|Fried ice cream|
There are conflicting stories about the dessert's origin. Some claim that it was first served during the 1893 Chicago World's Fair, where the ice cream sundae was also invented. Though in 1894 a Philadelphia company was given credit for its invention describing : "A small, solid cake of the ice cream is enveloped in a thin sheet of pie crust and then dipped into boiling lard or butter to cook the outside to a crisp. Served immediately, the ice cream is found to be as solidly frozen as it was first prepared.". A third claim, beginning in the 1960s asserts that fried ice cream was invented by Japanese tempura restaurants.
In the United States, fried ice cream has been associated with Asian cuisine, appearing in reviews of Chinese, Japanese, and Polynesian restaurants in the "Dining Out" section of the New York Times in the 1970s. It also came to be associated with Mexican cuisine, in large part due to national chain Chi-Chi's adopting a fried ice cream made with tortillas and cinnamon as its "signature dessert" when it opened in the early 1980s. The connection with Asian cuisine is also reflected in Australia.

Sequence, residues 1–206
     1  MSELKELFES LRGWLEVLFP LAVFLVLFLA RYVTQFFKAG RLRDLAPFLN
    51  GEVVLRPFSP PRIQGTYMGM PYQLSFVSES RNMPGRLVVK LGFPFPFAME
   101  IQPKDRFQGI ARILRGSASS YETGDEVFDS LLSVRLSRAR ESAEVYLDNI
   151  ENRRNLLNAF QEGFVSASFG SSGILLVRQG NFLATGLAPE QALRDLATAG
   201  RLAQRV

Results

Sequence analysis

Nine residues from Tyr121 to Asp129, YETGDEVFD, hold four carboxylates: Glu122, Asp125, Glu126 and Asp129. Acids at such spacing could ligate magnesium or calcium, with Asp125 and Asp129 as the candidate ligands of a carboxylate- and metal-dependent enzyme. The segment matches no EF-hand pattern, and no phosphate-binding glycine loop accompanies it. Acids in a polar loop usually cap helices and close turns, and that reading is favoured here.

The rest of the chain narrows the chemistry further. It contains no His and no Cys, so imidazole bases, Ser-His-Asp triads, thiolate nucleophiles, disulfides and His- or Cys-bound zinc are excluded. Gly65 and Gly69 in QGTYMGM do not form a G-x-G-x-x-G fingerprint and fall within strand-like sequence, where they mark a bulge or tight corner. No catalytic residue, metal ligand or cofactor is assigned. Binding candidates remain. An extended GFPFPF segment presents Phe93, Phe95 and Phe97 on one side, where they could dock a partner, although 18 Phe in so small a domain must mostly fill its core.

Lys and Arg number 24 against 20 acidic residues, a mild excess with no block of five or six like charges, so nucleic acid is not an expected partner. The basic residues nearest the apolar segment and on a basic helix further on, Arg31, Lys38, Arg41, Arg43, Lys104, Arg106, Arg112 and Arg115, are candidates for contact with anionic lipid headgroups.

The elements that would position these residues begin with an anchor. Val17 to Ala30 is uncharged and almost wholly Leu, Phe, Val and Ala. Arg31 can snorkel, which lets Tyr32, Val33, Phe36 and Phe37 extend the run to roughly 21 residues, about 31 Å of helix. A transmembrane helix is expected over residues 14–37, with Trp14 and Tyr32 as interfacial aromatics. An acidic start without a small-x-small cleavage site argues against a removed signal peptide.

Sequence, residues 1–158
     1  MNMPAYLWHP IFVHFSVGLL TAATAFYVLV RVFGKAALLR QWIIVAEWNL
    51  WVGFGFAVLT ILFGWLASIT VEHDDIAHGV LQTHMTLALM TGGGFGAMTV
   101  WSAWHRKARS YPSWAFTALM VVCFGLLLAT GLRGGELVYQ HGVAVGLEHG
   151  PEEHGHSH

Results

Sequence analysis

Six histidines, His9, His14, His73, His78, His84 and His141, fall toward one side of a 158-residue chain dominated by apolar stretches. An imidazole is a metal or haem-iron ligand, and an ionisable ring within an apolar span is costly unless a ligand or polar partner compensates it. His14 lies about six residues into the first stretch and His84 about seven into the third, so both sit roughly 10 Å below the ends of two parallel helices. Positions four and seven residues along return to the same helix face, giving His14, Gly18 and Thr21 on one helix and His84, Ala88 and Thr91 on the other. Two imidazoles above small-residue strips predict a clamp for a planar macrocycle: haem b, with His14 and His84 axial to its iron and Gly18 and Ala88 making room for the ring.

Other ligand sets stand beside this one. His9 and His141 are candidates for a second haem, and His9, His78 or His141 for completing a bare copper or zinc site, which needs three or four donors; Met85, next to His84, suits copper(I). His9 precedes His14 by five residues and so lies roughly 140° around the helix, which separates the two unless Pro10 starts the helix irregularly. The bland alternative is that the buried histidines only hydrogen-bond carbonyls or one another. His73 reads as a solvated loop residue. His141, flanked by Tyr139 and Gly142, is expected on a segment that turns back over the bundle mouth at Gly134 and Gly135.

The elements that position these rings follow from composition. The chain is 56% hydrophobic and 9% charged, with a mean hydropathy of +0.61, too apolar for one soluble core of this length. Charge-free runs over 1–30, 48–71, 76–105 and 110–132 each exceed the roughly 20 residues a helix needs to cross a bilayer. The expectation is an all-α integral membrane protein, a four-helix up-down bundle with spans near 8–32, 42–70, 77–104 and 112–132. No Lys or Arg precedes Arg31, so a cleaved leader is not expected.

The dessert is commonly made by taking a scoop of ice cream frozen well below the temperature at which ice cream is generally kept, possibly coating it in raw egg, rolling it in cornflakes or cookie crumbs, and briefly deep frying it. The extremely low temperature of the ice cream prevents it from melting while being fried. It may be sprinkled with cinnamon and sugar and a touch of peppermint, though whipped cream or honey may be used as well.
The Asian recipe usually uses tempura batter. Mexican versions use corn flakes, nuts, cookie crumbs, or tortillas for coating. Common flavors in Asian restaurants are green tea, vanilla, taro and red bean.
The British film Comfort and Joy portrays the feud between two ice-cream sellers who end up joining forces in a new venture to sell "frosty hots" or deep-fried ice cream. The film gives the origin of the fritters to an ancient Chinese recipe.